Additionally (IMHO) the ergonomics are a nightmare :rolleyes:. As Ed indicated in his review, the volume control has limited useful travel - as the input sensitivity is much lower than most source components output these days. Now, this is not unusual - the Naim is the same - but, as reported by others, even a momentary touch on the remote button causes the knob and volume to jump a significant amount. I was forever leaving my seat - about 2m away - to manually turn the knob. Also, whilst acknowledging that the Solaris remote is there to control a range of Rega products, it is festooned with a huge number of buttons - few necessary for the amp. Usefully, my much simpler Elex-R remote is coded the same - so that was pressed into service. Then there are the LEDs which indicate input selection and mute... They are pathetically weak, such that they can not be seen unless you are exactly perpendicular and the room is preferably dimly lit. A dimming function and larger characters could sort this.

It was a much closer run thing between the Hegel and the Naim... It was not difficult to hear that the Hegel grabbed the bass frequencies and kept them under control - very deep bass guitar, double bass plucks and bass drum kicks being clearly defined and not 'smeared'. Usefully, the Hegel analogue input sensitivities are 2V (thanks for the info and advice from Christian at Hegel) so, depending on the source, the volume control was operating at ca. 55/100 most of the time. It was useful that the output from my Qutest can be set at 1V, 2V or 3V - so no problem setting it at 2V for the Hegel. Also, I could configure my Moon phono preamp at 60dB gain - so the 2mV from my Hana EH cartridge could be brought up to 2V also (still no perceptible noise at this gain setting) - and the output from my Denon SACD player is also 2V.

The Hegel also produced a soundstage with both very good depth and width.

So, you may be wondering, why didn't I go for the Hegel..? Hegel's declared aim is to add nothing to, nor take anything away from, the original signal. However, I can't put my finger on what was happening but the music just did not seem to 'flow' like the Naim, and it could feel 'hard' at times. Extended listening could get quite tiring (I was taking breaks regularly to avoid 'auditioning fatigue'). I wonder if some of the reports which claim that too high a damping factor can adversely affect sound quality have something in them? I really liked the Hegel remote - simple and hewn from a solid billet of alloy - but why is the battery cover secured by four screws that are not countersunk into the metal, and therefore risk scratching any surface you may put it on?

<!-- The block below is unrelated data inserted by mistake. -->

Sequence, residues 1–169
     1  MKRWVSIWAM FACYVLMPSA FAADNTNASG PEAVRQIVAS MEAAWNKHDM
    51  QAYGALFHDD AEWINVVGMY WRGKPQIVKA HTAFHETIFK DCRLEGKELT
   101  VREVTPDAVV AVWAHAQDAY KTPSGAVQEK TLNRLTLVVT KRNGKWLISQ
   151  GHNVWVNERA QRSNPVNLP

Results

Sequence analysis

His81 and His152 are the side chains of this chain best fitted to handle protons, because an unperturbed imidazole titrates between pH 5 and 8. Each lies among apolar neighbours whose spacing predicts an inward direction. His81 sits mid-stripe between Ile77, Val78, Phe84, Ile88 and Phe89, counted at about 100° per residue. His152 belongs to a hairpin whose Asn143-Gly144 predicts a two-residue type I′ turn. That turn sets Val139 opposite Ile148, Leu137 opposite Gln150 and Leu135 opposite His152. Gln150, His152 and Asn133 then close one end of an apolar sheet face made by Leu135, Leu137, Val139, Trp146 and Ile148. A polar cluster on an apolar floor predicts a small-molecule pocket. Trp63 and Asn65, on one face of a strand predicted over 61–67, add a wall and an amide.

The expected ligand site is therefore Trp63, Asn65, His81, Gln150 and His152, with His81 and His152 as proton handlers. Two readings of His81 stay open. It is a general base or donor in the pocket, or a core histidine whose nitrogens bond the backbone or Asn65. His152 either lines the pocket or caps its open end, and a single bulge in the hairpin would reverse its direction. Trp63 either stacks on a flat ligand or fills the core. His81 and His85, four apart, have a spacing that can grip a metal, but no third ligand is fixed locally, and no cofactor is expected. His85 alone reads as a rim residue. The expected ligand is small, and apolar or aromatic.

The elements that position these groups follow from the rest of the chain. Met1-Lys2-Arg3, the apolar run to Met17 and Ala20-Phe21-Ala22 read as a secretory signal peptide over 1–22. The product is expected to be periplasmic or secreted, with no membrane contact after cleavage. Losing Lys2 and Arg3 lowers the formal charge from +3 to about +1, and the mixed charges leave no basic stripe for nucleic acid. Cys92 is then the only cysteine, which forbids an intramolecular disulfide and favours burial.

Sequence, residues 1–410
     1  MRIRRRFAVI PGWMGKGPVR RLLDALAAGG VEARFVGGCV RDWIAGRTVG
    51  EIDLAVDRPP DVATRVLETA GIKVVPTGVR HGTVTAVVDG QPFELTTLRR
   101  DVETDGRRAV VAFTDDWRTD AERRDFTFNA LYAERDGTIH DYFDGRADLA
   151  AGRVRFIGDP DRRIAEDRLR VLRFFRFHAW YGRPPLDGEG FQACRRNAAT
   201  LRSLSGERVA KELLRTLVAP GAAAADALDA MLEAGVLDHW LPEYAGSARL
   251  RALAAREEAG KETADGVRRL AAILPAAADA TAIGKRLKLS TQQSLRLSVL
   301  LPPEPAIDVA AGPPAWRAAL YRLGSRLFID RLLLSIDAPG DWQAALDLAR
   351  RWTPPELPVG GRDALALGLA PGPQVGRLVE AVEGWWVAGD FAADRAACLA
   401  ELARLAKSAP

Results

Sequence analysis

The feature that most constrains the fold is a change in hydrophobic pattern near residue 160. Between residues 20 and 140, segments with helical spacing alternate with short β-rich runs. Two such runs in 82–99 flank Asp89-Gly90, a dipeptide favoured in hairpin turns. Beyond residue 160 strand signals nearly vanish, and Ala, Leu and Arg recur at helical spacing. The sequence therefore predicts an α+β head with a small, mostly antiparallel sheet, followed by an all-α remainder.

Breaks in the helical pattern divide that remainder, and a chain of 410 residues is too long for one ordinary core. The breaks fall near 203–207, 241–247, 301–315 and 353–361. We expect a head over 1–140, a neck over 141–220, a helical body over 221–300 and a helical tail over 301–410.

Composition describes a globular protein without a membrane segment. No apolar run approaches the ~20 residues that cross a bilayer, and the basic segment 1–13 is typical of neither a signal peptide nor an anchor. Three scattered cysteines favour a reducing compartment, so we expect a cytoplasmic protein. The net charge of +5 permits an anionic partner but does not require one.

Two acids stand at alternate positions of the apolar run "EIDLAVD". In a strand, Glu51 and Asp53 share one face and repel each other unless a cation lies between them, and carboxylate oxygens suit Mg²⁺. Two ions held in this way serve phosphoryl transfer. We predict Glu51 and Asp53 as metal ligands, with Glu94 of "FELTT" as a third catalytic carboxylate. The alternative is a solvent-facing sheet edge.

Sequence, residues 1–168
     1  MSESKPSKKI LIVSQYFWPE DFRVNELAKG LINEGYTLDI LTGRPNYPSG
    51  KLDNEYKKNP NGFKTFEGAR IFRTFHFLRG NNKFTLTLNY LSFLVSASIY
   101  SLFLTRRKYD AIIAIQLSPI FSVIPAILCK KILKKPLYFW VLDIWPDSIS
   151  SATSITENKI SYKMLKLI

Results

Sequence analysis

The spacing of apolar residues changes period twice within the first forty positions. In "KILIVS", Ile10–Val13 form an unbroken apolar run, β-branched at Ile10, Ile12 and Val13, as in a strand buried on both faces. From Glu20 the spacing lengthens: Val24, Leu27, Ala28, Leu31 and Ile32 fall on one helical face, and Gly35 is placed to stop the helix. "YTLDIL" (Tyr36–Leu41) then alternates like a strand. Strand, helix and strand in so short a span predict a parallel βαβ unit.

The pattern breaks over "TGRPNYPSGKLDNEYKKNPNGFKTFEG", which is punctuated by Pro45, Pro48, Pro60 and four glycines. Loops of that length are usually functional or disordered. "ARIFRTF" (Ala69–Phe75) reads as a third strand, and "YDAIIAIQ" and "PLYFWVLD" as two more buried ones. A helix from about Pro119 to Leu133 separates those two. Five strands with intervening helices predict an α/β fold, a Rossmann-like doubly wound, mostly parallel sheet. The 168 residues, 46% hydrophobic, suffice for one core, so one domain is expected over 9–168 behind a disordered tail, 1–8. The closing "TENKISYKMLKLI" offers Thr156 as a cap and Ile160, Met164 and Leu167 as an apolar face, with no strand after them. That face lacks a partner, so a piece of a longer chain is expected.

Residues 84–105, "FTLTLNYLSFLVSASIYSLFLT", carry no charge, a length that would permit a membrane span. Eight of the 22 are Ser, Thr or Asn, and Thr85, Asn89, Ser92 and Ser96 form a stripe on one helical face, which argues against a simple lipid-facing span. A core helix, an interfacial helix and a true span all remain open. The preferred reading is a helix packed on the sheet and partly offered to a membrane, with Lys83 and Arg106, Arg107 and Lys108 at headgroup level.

Finally, the Naim... I've never had any Naim equipment before, and had heard that past equipment had a 'Naim sound' which wasn't exactly balanced. Well, I couldn't detect any such issue with the Supernait 3. It brings well-controlled bass (probably not to the extremes of the Hegel) and a fluid delivery across the frequency scale. Very extreme treble may be very slightly rolled-off - but not to any extent that cymbals, hi-hats, triangles lose anything significant in listening. The speed and decay are all there. Now I know what the infamous PRaT sounds like...

The Naim presents good width and depth to the soundstage - probably a tad less depth - but easy to listen to for extended periods.

Regarding ergonmics, the Naim does have very sensitive line inputs (130mV) - but the volume control (using an Alps Blue Velvet potentiometer) is much better implemented. Quick blips on the remote move the knob by almost imperceptible amounts - but you can get the fine control you need even though you max out at between 10-11. Longer presses of the volume buttons give you larger movements - so you have much better control. For the Naim, I configured my Qutest to output at 1V and set the gain on the Moon phono preamp to just 40dB. The demo SN3 I have has a faint transformer hum - but only if you get very close to it - and nothing from the speakers. It can't be DC on the mains, as my brilliant MCRU DC blocker was on duty throughout.

Whilst on the subject of hum, on first introducing the Naim to my system I had significant hum through the speakers. After speaking to my dealer, it appears that it's a well-known phenomenon with Naim amplifiers. They are not earthed via their mains plug - but through other Naim source equipment. So, if you do not have other Naim kit in your system, you have to provide earthing by another means... As advised, I connected a single earthing wire to the outer connection of an RCA plug. The other end of the wire went to the earth pin on a de-fused mains plug. The RCA plug goes into an unused RCA input on the amp, and the de-fused mains plug into a spare mains socket. Bit of a faff - but inky black silence from the speakers :cool:

Warranty-wise, the Hegel comes with just a 2-year warranty (too short IMHO for equipment in this budget range). Naim give you a 5-year warranty (if registered with them), and Rega - like most of their equipment - give you a 'lifetime' warranty for issues down to manufacturing defects.

I'm looking forward to collecting my brand new SN3 on Thursday - my dealer already has one in stock - with my name on it :thumbsup:

Perhaps someone may find this rather long post useful but, as always, a home audition is absolutely essential. Also, my choice has been determined by my system, in my room with my hearing and preferences - yours may be totally different :)
 

Khankat

Well-known Member
Thank you for your review findings. Very I formative. Personally, I enjoy reading your posts. The detail is everything.